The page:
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Suppose we have a form that allows entering a piece of markdown as a message body. That text is then render in HTML as JSON on another page:

<html>
   <body>
       <script type="text/javascript">
       loadMessage({
           name: 'John Doe',
           message: '**Hello** World'
       });
       </script>
   </body>
</html>

Pretend that loadMessage uses a markdown parser (e.g. marked) and outputs the HTML at runtime.

I've identified a case where a malicious user could cause an error on the page:

<html>
   <body>
       <script type="text/javascript">
       loadMessage({
           name: 'John Doe',
           message: '</script>'
       });
       </script>
   </body>
</html>

Because </script> causes the browser to close the script block, an Unexpected token ILLEGAL exception is thrown. Marked is able to sanitize such an attack, but this attack is even before JavaScript execution.

  1. Strip all <script> and </script> when the initial form is submitted. This would mean updating a lot of our framework code (using ASP.NET MVC - so we'd have to extend the default ModelBinder).
  2. Leverage the JSON formatter for this - convert to '</' + 'script>' when writing the JSON. We'd be keeping the source intact - but maybe that's a bad thing.

How should we mitigate such an attack?

share|improve this question
    
Why don't you escape the HTML entities? –  Blender Apr 16 '13 at 0:23
    
It's markdown and markdown allows HTML. Is it really worth it to escape and then unescape on the client? –  TheCloudlessSky Apr 16 '13 at 0:24
    
Is there any particular reason why you're outputting the Markdown into the JavaScript and not directly into the HTML? –  Blender Apr 16 '13 at 0:25
    
Yes - we bootstrap our models/views on the client to get access to raw data. We're using Backbone and this is a common thing to do with Backbone applications. –  TheCloudlessSky Apr 16 '13 at 0:26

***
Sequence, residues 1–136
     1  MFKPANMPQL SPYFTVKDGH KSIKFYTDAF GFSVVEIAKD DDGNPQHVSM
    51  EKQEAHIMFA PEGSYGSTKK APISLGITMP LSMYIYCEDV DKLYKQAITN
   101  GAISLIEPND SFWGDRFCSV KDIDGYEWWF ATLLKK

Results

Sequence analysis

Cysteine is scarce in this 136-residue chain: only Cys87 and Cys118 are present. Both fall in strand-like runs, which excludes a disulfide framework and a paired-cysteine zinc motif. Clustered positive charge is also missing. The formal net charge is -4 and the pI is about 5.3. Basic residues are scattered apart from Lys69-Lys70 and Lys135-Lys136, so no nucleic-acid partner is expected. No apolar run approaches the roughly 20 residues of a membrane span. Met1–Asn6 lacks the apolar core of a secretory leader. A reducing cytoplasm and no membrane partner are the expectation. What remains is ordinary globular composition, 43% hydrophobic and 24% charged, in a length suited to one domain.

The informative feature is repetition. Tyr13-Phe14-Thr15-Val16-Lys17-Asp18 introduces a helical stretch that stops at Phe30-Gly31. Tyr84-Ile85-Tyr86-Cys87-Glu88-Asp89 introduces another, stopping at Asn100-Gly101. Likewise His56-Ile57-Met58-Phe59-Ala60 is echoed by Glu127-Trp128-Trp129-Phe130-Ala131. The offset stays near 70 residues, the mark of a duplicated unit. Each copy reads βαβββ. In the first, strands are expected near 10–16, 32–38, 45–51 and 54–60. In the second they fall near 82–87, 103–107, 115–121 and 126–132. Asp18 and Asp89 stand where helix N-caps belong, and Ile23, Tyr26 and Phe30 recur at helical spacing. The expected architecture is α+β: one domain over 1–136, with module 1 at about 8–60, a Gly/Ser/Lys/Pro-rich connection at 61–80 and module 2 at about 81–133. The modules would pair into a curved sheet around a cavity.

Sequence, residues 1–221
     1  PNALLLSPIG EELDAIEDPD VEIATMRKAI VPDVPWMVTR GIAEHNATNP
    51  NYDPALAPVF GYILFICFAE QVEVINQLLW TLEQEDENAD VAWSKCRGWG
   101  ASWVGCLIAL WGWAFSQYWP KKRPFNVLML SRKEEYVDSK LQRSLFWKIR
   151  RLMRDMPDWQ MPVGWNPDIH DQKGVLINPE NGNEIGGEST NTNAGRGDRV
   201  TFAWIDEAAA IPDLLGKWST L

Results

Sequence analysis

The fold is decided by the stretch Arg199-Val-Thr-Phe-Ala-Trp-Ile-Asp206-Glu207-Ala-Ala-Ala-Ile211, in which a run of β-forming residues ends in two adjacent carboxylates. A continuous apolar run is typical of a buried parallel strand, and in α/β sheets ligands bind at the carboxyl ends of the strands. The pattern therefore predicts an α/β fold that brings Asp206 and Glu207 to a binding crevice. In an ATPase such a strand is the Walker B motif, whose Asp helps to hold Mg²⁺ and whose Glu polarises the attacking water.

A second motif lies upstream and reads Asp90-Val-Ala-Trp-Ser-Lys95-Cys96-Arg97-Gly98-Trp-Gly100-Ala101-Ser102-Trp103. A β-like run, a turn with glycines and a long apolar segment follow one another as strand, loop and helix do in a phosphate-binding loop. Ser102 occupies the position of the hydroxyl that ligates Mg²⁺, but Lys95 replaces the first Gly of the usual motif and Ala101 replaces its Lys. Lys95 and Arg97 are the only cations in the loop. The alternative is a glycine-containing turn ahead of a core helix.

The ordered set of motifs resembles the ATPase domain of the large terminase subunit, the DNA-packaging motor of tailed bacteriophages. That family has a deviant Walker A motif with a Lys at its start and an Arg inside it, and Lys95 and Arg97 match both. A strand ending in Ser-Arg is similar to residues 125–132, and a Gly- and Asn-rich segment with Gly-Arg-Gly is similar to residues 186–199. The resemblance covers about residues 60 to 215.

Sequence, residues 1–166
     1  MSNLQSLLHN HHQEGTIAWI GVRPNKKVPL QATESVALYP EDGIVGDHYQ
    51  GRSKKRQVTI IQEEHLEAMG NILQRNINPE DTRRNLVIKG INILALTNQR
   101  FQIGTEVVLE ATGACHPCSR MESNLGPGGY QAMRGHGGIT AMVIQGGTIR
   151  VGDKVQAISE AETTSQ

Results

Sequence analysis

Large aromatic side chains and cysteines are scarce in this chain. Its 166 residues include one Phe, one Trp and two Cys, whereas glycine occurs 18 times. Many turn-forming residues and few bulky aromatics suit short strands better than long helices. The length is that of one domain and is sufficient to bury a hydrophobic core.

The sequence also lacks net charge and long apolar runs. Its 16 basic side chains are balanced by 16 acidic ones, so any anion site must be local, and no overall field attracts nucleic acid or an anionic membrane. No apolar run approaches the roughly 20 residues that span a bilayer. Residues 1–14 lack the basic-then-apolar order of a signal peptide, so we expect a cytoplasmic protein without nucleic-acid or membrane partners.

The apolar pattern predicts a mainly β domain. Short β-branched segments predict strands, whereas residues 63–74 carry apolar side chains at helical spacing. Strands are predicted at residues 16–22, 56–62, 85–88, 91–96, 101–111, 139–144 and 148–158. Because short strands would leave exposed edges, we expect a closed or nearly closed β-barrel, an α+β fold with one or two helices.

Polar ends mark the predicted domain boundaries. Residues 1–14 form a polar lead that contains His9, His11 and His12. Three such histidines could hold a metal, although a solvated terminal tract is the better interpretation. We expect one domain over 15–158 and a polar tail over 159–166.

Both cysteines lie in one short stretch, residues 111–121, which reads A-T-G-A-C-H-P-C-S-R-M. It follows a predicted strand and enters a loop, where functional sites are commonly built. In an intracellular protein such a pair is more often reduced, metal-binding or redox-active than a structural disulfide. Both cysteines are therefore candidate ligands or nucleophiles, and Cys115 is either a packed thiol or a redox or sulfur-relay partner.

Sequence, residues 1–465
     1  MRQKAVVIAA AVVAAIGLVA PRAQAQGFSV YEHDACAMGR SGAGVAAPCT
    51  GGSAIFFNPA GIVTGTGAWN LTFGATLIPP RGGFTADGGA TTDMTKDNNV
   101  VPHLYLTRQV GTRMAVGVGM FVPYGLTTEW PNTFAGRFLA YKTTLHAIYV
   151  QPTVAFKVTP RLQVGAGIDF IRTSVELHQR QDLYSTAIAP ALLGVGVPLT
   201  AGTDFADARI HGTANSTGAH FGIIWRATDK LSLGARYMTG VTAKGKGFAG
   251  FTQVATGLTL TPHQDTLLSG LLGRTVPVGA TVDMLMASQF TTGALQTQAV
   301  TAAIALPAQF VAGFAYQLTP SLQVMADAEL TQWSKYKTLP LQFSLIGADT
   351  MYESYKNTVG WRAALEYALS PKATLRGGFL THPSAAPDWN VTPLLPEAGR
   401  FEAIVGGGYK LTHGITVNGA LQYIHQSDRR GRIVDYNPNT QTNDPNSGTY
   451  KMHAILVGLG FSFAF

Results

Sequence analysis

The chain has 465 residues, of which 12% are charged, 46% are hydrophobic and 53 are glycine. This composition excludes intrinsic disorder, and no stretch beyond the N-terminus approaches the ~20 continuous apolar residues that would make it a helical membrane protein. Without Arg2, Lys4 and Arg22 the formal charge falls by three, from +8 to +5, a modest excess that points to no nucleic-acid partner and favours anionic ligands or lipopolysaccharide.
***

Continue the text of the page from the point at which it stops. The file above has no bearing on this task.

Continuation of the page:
1 Answer 1

up vote 1 down vote accepted

I might personally go along with stripping anything resembling the script tag, as such an approach would provide an extra layer of security against validation bugs in your Markdown parser. But your mileage may vary depending on your application.

If you do need to encode, see http://stackoverflow.com/a/236106/131903 for a reasonable encoding approach (that is, use \x3c to replace the less-than sign). This will work:

<html>
  <script>
    alert("1 \x3c/script> 2");
  </script>
</html>
share|improve this answer
    
Would you strip the value when the form is posted or when the JSON is rendered? –  TheCloudlessSky Apr 16 '13 at 11:08
1  
A fair question. It is safer to strip on input, but you lose data permanently. But that way you don't have to strip on every output, and since it is unlikely that script tags would be important data for you, I'd pick the safer route (after adding sufficient unit tests to ensure that my stripper actually works properly). –  Jouni Heikniemi Apr 17 '13 at 11:13
    
Yeah - I'm going to go with stripping on input. Cheers! –  TheCloudlessSky Apr 22 '13 at 18:48

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